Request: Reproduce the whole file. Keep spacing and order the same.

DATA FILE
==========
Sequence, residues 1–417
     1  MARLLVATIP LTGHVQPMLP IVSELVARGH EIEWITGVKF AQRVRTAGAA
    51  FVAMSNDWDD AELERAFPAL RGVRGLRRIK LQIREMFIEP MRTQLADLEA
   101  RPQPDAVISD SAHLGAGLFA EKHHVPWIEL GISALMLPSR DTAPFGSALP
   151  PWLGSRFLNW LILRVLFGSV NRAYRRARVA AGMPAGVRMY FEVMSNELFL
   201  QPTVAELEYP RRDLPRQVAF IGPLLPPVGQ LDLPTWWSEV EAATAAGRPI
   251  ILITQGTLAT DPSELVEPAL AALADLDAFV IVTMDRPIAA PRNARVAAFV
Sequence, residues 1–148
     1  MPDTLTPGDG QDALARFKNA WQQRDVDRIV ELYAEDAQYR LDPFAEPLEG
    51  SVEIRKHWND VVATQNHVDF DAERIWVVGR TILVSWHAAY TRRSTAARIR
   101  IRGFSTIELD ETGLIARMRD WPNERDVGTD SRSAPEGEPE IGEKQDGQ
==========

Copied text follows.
Sequence, residues 1–417
     1  MARLLVATIP LTGHVQPMLP IVSELVARGH EIEWITGVKF AQRVRTAGAA
    51  FVAMSNDWDD AELERAFPAL RGVRGLRRIK LQIREMFIEP MRTQLADLEA
   101  RPQPDAVISD SAHLGAGLFA EKHHVPWIEL GISALMLPSR DTAPFGSALP
   151  PWLGSRFLNW LILRVLFGSV NRAYRRARVA AGMPAGVRMY FEVMSNELFL
   201  QPTVAELEYP RRDLPRQVAF IGPLLPPVGQ LDLPTWWSEV EAATAAGRPI
   251  ILITQGTLAT DPSELVEPAL AALADLDAFV IVTMDRPIAA PRNARVAAFV
Sequence, residues 1–148
     1  MPDTLTPGDG QDALARFKNA WQQRDVDRIV ELYAEDAQYR LDPFAEPLEG
    51  SVEIRKHWND VVATQNHVDF DAERIWVVGR TILVSWHAAY TRRSTAARIR
   101  IRGFSTIELD ETGLIARMRD WPNERDVGTD SRSAPEGEPE IGEKQDGQ